There are numerable articles written on dividend growth strategies using the compound effect of time and expected dividend growth forecasted by the company. The underlying thesis of these articles is that we can increase our effective yield on our investments twofold: (1) enjoying the actual dividend growth experienced by the company that increases our effective yield on investment over time and/or (2) using our dividends to increase our holdings by reinvesting in the stock and purchasing more stock for our portfolios. Obviously the second option involves not consuming our dividends and employing the compounding factor over time with its reinvestment. This is a wonderful strategy for those who have time and not relying upon their dividends for day to day living. However, there are many in or nearing retirement where time is not available. Fortunately, there are still strategies available to enhance future dividend cash flow while simultaneously enjoying the dividend cash flow?
The use of various stock option strategies may provide these solution. We will explore one basic concept in this article. I highly recommend that you read available material on option basics to get an understanding. As a disclaimer, I do not have any interest in any online service nor compensated by any. My comments are solely based on my own activities and experiences over the last fifteen years. Further, the discussion below is for illustration purposes only and not a recommendation.
In this article we will be discussing selling an option against stock positions we currently hold generating a premium that will be paid immediately to our account. Essentially, we will be selling someone the right to buy our stock from us sometime in the future and for that right he must pay us a premium ("fee") now. Since we own the stock this is called a covered call strategy. It is covered because I already own the stock and he will simply have to pay me for the stock. Uncovered or naked is when I don't have the stock to sell and must go in the market to acquire it. To utilize this strategy, I would have in my portfolio holdings in stock that I believe are stable with sustained dividend growth over the years. The Aristocrat Dividend Stocks are very good examples. This article will focus on AT&T (NYSE: T) which meets our purposes. Additionally, you must be able to buy and sell options on that stock. Not all stock has option capability.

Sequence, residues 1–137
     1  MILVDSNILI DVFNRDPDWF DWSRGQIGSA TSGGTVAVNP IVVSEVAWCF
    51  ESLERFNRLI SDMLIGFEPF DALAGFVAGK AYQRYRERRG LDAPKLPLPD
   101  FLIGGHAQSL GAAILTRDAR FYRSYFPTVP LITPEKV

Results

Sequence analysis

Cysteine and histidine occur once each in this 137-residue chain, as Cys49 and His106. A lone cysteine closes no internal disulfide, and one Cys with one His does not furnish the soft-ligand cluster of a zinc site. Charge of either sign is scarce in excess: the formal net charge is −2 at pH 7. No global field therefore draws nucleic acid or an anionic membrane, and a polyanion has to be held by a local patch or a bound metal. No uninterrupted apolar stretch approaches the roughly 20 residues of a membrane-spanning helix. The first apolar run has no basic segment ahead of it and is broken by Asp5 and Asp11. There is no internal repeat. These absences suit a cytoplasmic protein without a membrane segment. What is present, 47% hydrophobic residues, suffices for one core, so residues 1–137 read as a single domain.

This basis strategy involves selling someone the right to buy my stock from me on or before a fixed date in the future at a fixed price. For that person to have the right to buy my stock, he must pay me a premium in cash now. The premium is composed of two elements: intrinsic value and time value. Intrinsic value is the premium component calculated as the difference between the strike price of your option and the value of the underlying stock. For example, if you sold someone the right to buy your AT&T stock at $32 on or before Feb 20, 2015 when today's price is $33.54, the person would have to pay you at least $1.54 in premium. You could easily sell that stock for $33.54, so why would you sell it to him for $32 unless he gave you the difference. That is the intrinsic value of the option. If the option price is $34 with the stock price at $33.54, there is no intrinsic value since he would not pay you $34 when he could go in the market and buy it for $33.54. For a call option to have intrinsic value the strike price of the option must be below the current market price of the stock. Time value is the premium component that I call the "risk component" that you require the buyer to pay for that right to buy your stock in the future. In other words, if you sell the person the right to buy your stock at $34 on Feb 20, what do you want him to pay now for that right? That time value is basically a probability value that the stock price will be at that price at expiration. It is a complex calculation involving many factors such as time remaining before expiration, volatility of the underlying stock, market forces and other elements. As a rule, the closer the option price is to today's current value of the stock and the longer until the option expires the greater the premium the buyer will have to pay you. And vice versa, the farther away the strike price is and closer to expiration, the lower the time value of the premium.
Time value decreases over time and is faster the closer the expiration date is. This is call time decay. We want to take advantage of this. Time decay is at its greatest in the last 30 days of the options life before it expires. Time decay will eventually consume the entire time value of the premium paid to you so at expiration the time value equals zero or no value. That is what we want. We want only to sell call options with no intrinsic value and only time value. Take a look at this chart borrowed from Options Genius on the effect of time decay.